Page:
“There are many factors that mitigate in favor or against such arrangements: In our case the relationship with our service provider has enabled us to respond to changing business needs by making considerable changes to our requirements and in turn and achieving significant savings.”

The big saving not just for the BBC World Group, but BBC proper and any other broadcaster using third-party transmission services, comes from their providers having to pay operational, maintenance, and capital cost for the broadcasters’ transmitters/antenna sites. Although these costs can (and do) get passed through to the stations/networks in the form of fee increases, these increases are far easier to absorb than the cost of directly paying to buy new transmitters or replace towers knocked down in a storm.

“Remember that in the U.K. many stations have more than one transmitter; some have more than 200, some have four or five covering different areas,” said “radio futurologist” James Cridland. “Additionally, most simulcast on DAB, which also requires a set of transmitters too. Economies of scale quickly mount up when you have many different outlets.” Add the fact that U.K. radio licenses are only issued for seven-year periods, and “it isn’t particularly economically practical to run your own transmission: certainly for the higher-powered services,” he said.

Ruxandra Obreja is chair of Digital Radio Mondiale.
Credit: Digital Radio Mondiale DRM”s Obreja countered that when it comes to adopting DRM digital radio, for some stations “it might be much cheaper to buy a digital transmitter, reduce the energy cost to up to 80 percent and recoup the initial payment,” rather than to join and co-fund a DAB multiplex with other digital radio broadcasters.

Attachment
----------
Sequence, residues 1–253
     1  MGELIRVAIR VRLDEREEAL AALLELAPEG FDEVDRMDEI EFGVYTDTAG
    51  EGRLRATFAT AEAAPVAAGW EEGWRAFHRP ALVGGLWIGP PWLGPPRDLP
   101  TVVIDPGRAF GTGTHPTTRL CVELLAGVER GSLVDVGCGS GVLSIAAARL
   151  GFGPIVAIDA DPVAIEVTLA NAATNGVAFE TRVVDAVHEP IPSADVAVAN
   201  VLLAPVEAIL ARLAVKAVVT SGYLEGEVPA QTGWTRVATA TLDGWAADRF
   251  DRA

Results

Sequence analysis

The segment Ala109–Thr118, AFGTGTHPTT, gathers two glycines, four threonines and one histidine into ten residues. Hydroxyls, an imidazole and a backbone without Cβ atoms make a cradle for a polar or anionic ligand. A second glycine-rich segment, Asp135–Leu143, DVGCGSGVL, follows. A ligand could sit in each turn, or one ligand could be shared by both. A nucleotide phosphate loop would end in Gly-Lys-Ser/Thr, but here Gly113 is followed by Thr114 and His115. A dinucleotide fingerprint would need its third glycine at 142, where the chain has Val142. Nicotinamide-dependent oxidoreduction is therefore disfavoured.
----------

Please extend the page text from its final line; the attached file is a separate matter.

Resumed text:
For U.K. broadcasters, being able to rely on Arqiva simply makes their lives easier. “We pick up the audio directly at their studios,” said Johnston. “We then take care of the rest to ensure that content arrives safely at hilltop transmission sites, uplink sites or at muxing centers for digital radio.”

“Having an independent body of some scale operating the transmission infrastructure in the U.K. provides broadcasters with a number of benefits,” he added. “We are able to employ experts in all areas of transmission technology and make those experts available to all our radio customers. These shared skillsets contribute to our ability to provide 99.9 percent availability of services to our customers.”

Meanwhile, “having a single provider allows for easier coordination of government and industry strategy,” Johnston continued. “For example, when the U.K. rolled out digital radio [DAB] services the government only needed to coordinate with Arqiva to deliver the transmitter capabilities required. Arqiva is independent of the broadcasters so has no commercial interest in one over the another.”


As with the decision of owning versus renting an apartment, there is no “one-size-fits-all” answer to the choice between in-house and third-party transmission/antenna services. But there are definite pros and cons to each approach, with the basic decision coming down to whether a broadcaster considers facility control to be more important than cost control — or vice versa.

James Careless reports on the industry for Radio World from Ottawa, Ontario.